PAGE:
|Publication number||US5714825 A|
|Application number||US 08/536,639|
|Publication date||Feb 3, 1998|
|Filing date||Sep 29, 1995|
|Priority date||Oct 18, 1994|
|Publication number||08536639, 536639, US 5714825 A, US 5714825A, US-A-5714825, US5714825 A, US5714825A|
|Original Assignee||Societe De Mecanique Et De Plastiques Industriels|
|Export Citation||BiBTeX, EndNote, RefMan|
|Patent Citations (5), Referenced by (3), Classifications (6), Legal Events (5)|
|External Links: USPTO, USPTO Assignment, Espacenet|
The present invention relates to a contact brush adapted to move over an electrical track associated therewith, and forming for example part of a commutation system such as a programmer for household equipment, a system for controlling motorization of movement for devices such as an electric window raiser for automobiles, a windscreen wiper for vehicles, an electrically adjusted seat, an electric door-locking system, position servo-control equipment, or the like.
In these commutation systems, it is well known to use electrical tracks constituted by one or more conducting tracks, for example continuously moulded or printed, which are added on a generally rigid, insulating support. One or more metallic contact brushes, generally borne by elastic, metallic blades, move over said conducting tracks and insulating support, this generally bringing about an electrical commutation when a contact brush passes from the conducting track to the insulating support, and vice versa.
The contact brushes used in these known commutation systems are wiper brushes, of various forms and whose major drawback is that of being subject to wear, which renders them virtually unusable for certain applications where high precision and considerable reliability of each commutation are indispensable.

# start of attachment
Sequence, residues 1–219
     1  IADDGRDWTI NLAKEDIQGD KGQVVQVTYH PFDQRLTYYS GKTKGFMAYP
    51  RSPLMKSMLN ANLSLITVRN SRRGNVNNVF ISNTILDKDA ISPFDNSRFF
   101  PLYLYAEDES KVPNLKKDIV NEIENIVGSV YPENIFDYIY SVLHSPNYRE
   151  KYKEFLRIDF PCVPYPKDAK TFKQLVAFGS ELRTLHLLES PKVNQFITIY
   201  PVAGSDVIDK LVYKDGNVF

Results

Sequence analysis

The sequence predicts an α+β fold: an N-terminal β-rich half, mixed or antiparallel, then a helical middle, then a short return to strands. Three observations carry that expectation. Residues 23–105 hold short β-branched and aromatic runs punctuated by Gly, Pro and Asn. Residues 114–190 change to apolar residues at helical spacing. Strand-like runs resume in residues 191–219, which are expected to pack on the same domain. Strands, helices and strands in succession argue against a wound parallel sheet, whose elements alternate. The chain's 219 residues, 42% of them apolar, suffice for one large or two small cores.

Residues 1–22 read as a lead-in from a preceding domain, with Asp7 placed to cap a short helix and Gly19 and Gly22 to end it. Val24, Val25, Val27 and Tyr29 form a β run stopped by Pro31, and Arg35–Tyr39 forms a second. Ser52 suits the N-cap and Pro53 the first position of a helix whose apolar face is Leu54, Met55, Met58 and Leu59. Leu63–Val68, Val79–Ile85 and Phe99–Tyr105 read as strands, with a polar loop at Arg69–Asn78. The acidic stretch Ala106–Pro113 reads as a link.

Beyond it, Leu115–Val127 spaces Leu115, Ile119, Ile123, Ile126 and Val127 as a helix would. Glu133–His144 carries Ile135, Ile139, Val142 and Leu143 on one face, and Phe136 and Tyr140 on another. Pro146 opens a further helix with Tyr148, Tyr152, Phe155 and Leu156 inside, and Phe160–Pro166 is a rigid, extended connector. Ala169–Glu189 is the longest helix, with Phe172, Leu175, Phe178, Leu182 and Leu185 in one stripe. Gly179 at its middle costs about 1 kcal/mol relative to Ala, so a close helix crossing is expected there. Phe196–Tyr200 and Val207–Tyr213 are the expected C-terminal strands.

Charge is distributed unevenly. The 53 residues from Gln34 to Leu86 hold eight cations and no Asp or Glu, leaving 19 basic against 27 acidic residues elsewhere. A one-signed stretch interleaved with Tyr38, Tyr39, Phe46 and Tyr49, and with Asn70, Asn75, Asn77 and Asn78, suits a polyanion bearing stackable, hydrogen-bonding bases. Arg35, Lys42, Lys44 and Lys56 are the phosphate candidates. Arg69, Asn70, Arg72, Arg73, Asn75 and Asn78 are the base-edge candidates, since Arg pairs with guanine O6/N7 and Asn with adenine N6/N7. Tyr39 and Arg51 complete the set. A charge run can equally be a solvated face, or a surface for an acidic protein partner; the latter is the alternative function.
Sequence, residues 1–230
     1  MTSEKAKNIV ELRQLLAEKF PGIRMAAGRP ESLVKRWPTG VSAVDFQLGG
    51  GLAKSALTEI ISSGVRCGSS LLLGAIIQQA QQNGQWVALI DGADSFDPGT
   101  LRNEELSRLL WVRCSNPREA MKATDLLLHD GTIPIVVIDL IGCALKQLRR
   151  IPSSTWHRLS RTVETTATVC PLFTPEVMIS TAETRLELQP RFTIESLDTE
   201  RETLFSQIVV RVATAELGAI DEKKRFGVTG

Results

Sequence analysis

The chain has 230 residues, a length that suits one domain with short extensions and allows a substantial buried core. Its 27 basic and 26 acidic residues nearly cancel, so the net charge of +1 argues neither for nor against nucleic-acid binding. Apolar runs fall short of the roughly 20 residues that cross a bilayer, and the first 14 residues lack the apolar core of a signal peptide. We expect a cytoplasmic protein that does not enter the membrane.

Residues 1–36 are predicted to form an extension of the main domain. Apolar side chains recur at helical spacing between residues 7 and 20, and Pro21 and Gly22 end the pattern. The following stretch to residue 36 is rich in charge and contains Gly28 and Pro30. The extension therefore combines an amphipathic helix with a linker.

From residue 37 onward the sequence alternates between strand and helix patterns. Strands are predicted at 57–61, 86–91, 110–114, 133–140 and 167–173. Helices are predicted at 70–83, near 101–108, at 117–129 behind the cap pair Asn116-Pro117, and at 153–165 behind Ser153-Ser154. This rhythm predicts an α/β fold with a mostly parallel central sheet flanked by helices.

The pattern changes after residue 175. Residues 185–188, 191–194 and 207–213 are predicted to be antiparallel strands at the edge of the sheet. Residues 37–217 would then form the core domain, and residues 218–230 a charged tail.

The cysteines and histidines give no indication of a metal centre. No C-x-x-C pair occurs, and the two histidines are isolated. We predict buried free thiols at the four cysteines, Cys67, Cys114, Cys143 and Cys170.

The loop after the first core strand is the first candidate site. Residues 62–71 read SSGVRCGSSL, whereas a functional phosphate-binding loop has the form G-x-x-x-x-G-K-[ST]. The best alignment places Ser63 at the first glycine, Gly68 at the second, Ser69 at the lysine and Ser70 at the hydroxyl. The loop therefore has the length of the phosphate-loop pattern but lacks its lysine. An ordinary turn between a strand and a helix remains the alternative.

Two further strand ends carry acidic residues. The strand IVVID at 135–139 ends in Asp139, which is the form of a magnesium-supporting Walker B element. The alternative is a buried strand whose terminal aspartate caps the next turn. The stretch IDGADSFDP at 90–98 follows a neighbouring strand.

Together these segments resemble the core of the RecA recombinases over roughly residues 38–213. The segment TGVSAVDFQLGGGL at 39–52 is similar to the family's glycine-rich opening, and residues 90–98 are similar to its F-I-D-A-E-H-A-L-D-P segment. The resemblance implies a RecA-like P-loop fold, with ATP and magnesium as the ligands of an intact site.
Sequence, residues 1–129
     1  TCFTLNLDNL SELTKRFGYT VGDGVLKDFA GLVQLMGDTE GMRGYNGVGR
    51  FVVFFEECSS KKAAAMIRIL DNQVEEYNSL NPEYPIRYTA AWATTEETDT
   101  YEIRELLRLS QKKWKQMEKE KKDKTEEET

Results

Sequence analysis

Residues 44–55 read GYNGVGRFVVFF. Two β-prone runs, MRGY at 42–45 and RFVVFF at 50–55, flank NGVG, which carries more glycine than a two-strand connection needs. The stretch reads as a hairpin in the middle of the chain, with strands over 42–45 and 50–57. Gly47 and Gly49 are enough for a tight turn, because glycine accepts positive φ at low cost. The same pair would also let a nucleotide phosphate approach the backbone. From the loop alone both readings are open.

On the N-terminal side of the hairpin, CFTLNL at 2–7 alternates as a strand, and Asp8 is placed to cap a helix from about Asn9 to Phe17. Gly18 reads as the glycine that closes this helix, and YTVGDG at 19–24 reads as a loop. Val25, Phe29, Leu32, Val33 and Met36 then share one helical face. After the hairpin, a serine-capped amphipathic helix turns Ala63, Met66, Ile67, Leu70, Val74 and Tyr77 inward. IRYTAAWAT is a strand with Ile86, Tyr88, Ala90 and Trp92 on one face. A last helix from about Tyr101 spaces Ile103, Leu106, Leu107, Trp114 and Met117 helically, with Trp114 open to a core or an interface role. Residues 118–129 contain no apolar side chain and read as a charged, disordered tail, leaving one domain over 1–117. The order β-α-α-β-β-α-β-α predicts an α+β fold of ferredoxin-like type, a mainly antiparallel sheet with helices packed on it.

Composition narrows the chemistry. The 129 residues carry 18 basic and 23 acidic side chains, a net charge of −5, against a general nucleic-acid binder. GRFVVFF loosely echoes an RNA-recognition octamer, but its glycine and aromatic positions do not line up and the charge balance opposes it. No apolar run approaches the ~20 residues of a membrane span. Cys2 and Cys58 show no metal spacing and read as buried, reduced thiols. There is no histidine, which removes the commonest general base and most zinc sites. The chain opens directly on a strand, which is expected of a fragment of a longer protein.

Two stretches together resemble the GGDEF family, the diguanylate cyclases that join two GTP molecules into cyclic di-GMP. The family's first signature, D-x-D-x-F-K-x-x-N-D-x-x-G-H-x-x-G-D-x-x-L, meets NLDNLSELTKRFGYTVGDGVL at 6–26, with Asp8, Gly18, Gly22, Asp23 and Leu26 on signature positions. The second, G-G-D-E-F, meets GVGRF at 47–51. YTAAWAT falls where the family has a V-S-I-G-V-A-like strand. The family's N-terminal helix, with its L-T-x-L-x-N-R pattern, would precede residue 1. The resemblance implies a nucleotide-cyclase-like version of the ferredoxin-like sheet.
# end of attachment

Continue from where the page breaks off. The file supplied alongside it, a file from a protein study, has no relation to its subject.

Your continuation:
Such is the case in particular for any servo-control system for determining a moment as a function of a count or a comparison between two associated counts.
As the precision demanded of such systems does not tolerate any defect in count, whether by soiling of the contact or wear, a degradation of this function may have serious consequences.
Another drawback of these electrical wiper contacts according to the prior art is that they soil rapidly, thereby causing poor contacts which are particularly damaging to the functioning of the commutation device with which these wiper contacts are associated.
By way of illustration, an example of a wiper contact according to the known art is shown in vertical and longitudinal section in accompanying FIG. 2, while a small portion of the commutation device which is associated with this wiper contact is shown in perspective in accompanying FIG. 1.
Referring therefore to these FIGS. 1 and 2, reference 1 designates an insulating disc which here is assumed to be fixed in position and which bears a metallic track 2, here in the form of an annular ring provided with regularly spaced apart teeth 3. This metallic track is for example made by overmoulding and in fact it is of a very slight thickness (some microns for example) with respect to the plane upper surface of the insulating disc 1. The track may also be produced by a printing technique, printed circuit or the like.
A wiper brush contact 4, composed here of a metallic half-cylinder, moves in one direction or the other over the disc 1 and over the track 2, 3.
This brush 4 is welded beneath an elastic metallic support 5 which is concentric to the fixed disc 1 and which moves in rotation, in one direction or the other and concentrically with respect to the ring 1.
Electrical connections 6 and 7 respectively connect the track 2 and the metallic support 5 to an electrical or electronic processing member such as a pulse counter or a microprocessor.
An electrical connection is established as long as the brush 4 bears on a tooth 3 of the track 2, which closes an electrical circuit associated therewith, and such connection is cut when this brush 4 has physically and electrically left this tooth 3 to bear solely on the insulating disc 1, or more precisely on the insulating gap included between two successive conducting teeth 3. One thus passes for example from a first logic level "1" to the other logic level "0", these successive transitions generating a train of electrical pulses or logic states which are processed by the microprocessor or the counter associated therewith.